WARNING: By restoring key data using a TrueCrypt Rescue Disk, you also restore the password that was valid when the TrueCrypt Rescue Disk was created. Therefore, whenever you change the password, you should destroy your TrueCrypt Rescue Disk and create a new one (select System -> Create Rescue Disk). Otherwise, if an attacker knows your old password (for example, captured by a keystroke logger) and if he then finds your old TrueCrypt Rescue Disk, he could use it to restore the key data (the master key encrypted with the old password) and thus decrypt your system partition/drive

  • If Windows is damaged and cannot start, the TrueCrypt Rescue Disk allows you to permanently decrypt the partition/drive before Windows starts. In the Rescue Disk screen, select Repair Options > Permanently decrypt system partition/drive. Enter the correct password and wait until decryption is complete. Then you can e.g. boot your MS Windows setup CD/DVD to repair your Windows installation. Note that this feature cannot be used to decrypt a hidden volume within which a hidden operating system resides.

    Note: Alternatively, if Windows is damaged (cannot start) and you need to repair it (or access files on it), you can avoid decrypting the system partition/drive by following these steps: Boot another operating system, run TrueCrypt, click Select Device, select the affected system partition, select System > Mount Without Pre-Boot Authentication, enter your pre-boot-authentication password and click OK. The partition will be mounted as a regular TrueCrypt volume (data will be on-the-fly decrypted/encrypted in RAM on access, as usual).

  • Your TrueCrypt Rescue Disk contains a backup of the original content of the first drive track (made before the TrueCrypt Boot Loader was written to it) and allows you to restore it if necessary. The first track of a boot drive typically contains a system loader or boot manager. In the Rescue Disk screen, select Repair Options > Restore original system loader.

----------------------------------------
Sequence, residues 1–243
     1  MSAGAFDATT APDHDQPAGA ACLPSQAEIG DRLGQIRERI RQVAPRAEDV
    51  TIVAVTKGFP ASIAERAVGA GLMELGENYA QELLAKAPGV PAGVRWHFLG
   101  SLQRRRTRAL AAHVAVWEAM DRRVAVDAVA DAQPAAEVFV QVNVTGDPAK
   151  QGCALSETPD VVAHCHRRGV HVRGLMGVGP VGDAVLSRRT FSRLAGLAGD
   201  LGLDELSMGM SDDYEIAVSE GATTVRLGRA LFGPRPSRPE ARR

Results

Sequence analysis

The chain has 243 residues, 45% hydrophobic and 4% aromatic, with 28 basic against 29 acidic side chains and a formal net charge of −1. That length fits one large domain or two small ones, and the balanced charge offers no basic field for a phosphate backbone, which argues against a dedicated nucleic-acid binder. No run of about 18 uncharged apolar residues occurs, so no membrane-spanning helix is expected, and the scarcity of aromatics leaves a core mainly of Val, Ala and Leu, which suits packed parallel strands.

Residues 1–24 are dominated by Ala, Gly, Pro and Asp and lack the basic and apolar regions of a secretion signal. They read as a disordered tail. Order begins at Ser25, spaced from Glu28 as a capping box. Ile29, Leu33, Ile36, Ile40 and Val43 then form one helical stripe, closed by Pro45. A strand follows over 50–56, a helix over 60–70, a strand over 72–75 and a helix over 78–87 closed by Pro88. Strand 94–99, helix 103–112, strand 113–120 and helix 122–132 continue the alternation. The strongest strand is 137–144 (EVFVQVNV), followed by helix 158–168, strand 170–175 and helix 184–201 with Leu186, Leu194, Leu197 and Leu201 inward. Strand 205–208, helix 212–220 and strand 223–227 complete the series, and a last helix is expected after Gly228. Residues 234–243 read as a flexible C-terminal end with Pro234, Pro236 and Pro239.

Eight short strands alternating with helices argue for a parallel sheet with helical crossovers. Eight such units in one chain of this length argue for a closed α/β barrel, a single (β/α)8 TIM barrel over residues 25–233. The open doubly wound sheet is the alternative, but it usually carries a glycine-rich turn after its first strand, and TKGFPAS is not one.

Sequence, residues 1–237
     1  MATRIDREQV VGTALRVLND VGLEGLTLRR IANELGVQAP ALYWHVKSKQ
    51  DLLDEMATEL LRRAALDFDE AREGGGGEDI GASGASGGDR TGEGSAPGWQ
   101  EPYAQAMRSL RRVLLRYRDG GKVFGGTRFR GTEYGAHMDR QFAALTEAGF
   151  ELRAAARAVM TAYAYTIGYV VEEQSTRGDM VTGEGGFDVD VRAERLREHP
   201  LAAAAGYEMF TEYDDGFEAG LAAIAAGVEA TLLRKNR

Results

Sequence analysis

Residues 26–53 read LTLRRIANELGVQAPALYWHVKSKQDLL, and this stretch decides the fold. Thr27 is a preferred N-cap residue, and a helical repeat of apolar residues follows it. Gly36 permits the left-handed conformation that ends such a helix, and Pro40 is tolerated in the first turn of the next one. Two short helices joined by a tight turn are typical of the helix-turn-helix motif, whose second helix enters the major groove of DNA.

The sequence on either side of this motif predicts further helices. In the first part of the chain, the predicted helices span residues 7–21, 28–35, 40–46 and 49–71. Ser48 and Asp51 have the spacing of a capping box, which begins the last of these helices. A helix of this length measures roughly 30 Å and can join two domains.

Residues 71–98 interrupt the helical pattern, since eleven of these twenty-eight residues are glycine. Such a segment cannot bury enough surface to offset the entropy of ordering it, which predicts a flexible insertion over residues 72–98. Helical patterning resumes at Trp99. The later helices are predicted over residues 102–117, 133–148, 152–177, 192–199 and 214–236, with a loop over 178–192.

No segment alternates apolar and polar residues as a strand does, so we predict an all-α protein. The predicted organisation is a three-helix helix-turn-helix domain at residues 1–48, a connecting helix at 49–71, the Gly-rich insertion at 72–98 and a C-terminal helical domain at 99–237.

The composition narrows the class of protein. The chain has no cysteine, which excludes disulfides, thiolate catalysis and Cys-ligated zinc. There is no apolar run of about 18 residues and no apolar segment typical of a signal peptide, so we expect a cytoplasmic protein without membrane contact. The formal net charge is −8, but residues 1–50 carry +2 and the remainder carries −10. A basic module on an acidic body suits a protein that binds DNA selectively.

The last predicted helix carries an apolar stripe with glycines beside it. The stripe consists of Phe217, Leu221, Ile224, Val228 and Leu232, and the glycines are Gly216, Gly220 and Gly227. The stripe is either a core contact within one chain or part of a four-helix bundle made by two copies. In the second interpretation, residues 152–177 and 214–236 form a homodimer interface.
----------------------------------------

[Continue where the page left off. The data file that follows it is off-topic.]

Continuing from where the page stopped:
Note that even if you lose your TrueCrypt Rescue Disk and an attacker finds it, he or she will not be able to decrypt the system partition or drive without the correct password.

To boot a TrueCrypt Rescue Disk, insert it into your CD/DVD drive and restart your computer. If the TrueCrypt Rescue Disk screen does not appear (or if you do not see the 'Repair Options' item in the 'Keyboard Controls' section of the screen), it is possible that your BIOS is configured to attempt to boot from hard drives before CD/DVD drives. If that is the case, restart your computer, press F2 or Delete (as soon as you see a BIOS start-up screen), and wait until a BIOS configuration screen appears. If no BIOS configuration screen appears, restart (reset) the computer again and start pressing F2 or Delete repeatedly as soon as you restart (reset) the computer. When a BIOS configuration screen appears, configure your BIOS to boot from the CD/DVD drive first (for information on how to do so, please refer to the documentation for your BIOS/motherboard or contact your computer vendor's technical support team for assistance). Then restart your computer. The TrueCrypt Rescue Disk screen should appear now. Note: In the TrueCrypt Rescue Disk screen, you can select 'Repair Options' by pressing F8 on your keyboard.

If your TrueCrypt Rescue Disk is damaged, you can create a new one by selecting System > Create Rescue Disk. To find out whether your TrueCrypt Rescue Disk is damaged, insert it into your CD/DVD drive and select System > Verify Rescue Disk.